Questions & Authors: Priming Students to Write

In the latest installment of our Questions &  Authors series Mark Overmeyer shares his ideas for getting students in the mood for writing. Getting students in the right mindset before writing workshop can set them for success and might provide you and students alike with some funny moments. Mark’s latest DVD, How Can I Support You: Strategies for Effective Writing Conferences will be available soon on the Stenhouse website. Mark is also the author of What Student Writing Teaches Us and When Writing Workshop Isn’t Working.

Priming Our Students to Write

I have been reading psychologist Daniel Kahneman’s fascinating new book Thinking, Fast and Slow, and I am surprised at how often his ideas have resonated with me as a writer and as a teacher of writing.

Early in the book, he defines the “priming effect” as the unconscious influences different associations create in our brains. In one experiment, college students were asked to complete a series of word association exercises. Students who were asked to work with words that evoked ideas about old age (e.g., forgetful, bald, gray, wrinkled) walked more slowly down the hall when compared to students who worked with words that did not evoke age. This idea of unconscious priming led to other studies, including one in which participants rated themselves as happier when they were asked to smile for a short time.

I began to wonder about how we can prime our students to be successful during the writing workshop. Here are some tips that may help you create a space where students want to write (or, as Kahneman might say, where your students will be primed to write):

1.    Enthuse. Be enthusiastic when you begin your writing workshop. Let students know that you enjoy teaching writing, and that you like reading what your students write. I have become somewhat skeptical of the obsession with rubrics lately – though I do believe rubrics help us to assess students fairly, and I also believe they can help students understand what is expected of them, rubrics can also drain enthusiasm from a writing classroom. When you begin a conference with a student, wouldn’t it be much more meaningful to begin with honest praise rather than the sharing of a rubric score?

2.    Model. I recently visited a fifth grade classroom in a school I have been working at for many years. One of the students, now 10 years old, asked about my cat Milo. She remembered my “Milo is a Lazy Cat” essay from when she was a third  grader. Then she said: “I wrote about Skittles my ferret in third grade.” I was so excited to reconnect with Madison: “Skittles! I remember! The troublemaking ferret!” When we model our writing process for students, they remember. I only spent a few minutes several days in a row showing my thinking about how to craft an essay about Milo the Lazy Cat for Madison’s class, but she remembered it. When we model for students, we do not have to be perfect. It is better if we just honestly work through the process of developing ideas, framing a story, or revising an initial draft of a poem. We can prime students to want to write merely by showing them that we also write…

3.    Laugh. Every writing workshop can be a place filled with laughter during appropriate units of study. During a poetry unit, fill the room with titles by Shel Silverstein and Jack Prelutsky alongside books by Ralph Fletcher and Cynthia Rylant. During a personal narrative study, keep all the classic books you love from Patricia Polacco and Jane Yolen, but include excerpts from Diary of a Wimpy Kid by Jeff Kinney and Knucklehead by Jon Sciezska.  Check out this lead to one of Jon’s hilarious memories about growing up with five brothers:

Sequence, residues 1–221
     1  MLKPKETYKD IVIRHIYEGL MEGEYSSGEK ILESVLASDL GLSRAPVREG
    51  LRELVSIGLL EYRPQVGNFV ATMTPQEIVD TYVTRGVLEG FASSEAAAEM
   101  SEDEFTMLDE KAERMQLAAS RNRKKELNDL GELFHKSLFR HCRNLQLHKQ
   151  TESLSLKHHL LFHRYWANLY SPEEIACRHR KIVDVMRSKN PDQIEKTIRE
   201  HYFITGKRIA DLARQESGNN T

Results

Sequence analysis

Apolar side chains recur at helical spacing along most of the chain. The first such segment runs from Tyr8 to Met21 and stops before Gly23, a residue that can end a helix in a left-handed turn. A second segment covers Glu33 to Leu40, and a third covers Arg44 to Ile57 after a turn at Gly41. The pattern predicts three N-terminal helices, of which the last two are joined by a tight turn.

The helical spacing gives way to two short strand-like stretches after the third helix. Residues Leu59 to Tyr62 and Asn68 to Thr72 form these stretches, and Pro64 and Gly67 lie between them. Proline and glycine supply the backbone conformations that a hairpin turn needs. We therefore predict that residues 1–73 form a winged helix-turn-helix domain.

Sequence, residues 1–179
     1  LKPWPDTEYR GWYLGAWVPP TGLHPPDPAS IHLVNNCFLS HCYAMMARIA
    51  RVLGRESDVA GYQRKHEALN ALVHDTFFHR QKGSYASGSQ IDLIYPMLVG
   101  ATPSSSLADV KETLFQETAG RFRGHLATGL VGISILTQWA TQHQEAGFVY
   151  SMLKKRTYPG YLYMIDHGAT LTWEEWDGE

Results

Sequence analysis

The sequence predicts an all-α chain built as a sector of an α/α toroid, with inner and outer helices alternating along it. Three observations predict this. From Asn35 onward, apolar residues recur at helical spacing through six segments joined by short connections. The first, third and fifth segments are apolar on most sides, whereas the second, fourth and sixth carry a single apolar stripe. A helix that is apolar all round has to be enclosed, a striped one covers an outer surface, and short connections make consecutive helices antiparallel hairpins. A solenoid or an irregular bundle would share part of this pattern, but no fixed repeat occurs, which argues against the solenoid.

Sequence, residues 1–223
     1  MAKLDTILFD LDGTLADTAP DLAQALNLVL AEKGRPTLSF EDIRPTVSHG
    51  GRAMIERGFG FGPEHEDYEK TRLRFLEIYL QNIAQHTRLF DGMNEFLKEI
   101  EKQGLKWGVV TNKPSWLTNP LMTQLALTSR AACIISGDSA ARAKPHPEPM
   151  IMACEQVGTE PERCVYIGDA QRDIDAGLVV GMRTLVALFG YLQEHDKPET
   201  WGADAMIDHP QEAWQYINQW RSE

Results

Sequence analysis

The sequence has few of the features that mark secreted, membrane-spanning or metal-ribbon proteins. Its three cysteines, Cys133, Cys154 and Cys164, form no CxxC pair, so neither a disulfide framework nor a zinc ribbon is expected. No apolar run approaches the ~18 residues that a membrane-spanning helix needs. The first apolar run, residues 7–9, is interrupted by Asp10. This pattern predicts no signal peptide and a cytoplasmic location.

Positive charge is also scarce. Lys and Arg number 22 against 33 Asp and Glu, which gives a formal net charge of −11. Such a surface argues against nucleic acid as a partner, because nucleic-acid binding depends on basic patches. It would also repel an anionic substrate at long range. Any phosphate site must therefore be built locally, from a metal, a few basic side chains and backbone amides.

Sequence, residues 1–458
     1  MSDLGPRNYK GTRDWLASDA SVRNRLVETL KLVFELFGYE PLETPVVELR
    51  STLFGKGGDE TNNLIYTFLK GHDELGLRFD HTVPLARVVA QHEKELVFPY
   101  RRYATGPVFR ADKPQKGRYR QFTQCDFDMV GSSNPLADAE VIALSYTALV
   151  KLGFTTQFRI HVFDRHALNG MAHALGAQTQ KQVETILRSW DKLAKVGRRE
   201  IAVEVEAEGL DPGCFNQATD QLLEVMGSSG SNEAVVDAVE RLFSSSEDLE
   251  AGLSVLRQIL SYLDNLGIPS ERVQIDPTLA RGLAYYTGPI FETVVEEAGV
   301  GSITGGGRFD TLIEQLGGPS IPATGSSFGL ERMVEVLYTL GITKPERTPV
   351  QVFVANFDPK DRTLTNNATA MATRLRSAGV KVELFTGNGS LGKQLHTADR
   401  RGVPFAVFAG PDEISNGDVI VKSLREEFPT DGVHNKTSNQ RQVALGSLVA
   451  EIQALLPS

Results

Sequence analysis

“Watch your brothers!”
That’s what my mom used to tell me and Jim – “Watch your brothers.”
So we did.
We watched Jeff roll off the couch.
We watched Brian dig in the plants and eat the dirt.
We watched Gregg lift up the toilet lid on the toilet and splash around in the water.

Of course the writing workshop should be a place that allows for and welcomes all emotions. I have shed tears many times with students as they share memories of losing a pet, a grandparent, or a friend. These emotions are real and should be encouraged. I am just advocating here for priming our students to feel welcome in a place where they can tell their stories – even (and maybe especially) the funny ones.

4.    Specify. The more specific I am during mini lessons and conferences, the more writing happens in my classroom. I try to keep in mind that the purpose of the writing workshop is to help everyone get better at writing, so I am as specific as I can be during mini-lessons. I might say: “Today, I am going to teach you how to make your personal narratives even better with dialogue that shows, and doesn’t just tell…” The other place to be specific is during a conference. Last spring, I had the opportunity to work with a fifth grade student as he revised his personal narrative, and I said: “VaShawn, you are the kind of writer who can tell a story with a great punchline. You had all of us laughing so hard when you told about the time you fought back at the petting zoo when an angry goat tried to butt you from behind. Since you are so good at coming up with an ending, I wonder if we could talk today for a few minutes about leads…”

Being specific forces us to have intentions as teachers of writing, just as we want our students to have intentions as writers. Intentional, specific teaching does not limit our students – it allows them to grow because it requires us to be very engaged as teachers. A classroom full of specific teaching points, clear model texts, and a course of action resulting from a goal setting conference primes students to see the workshop as a place where they can flourish as writers.

2 comments February 15th, 2012


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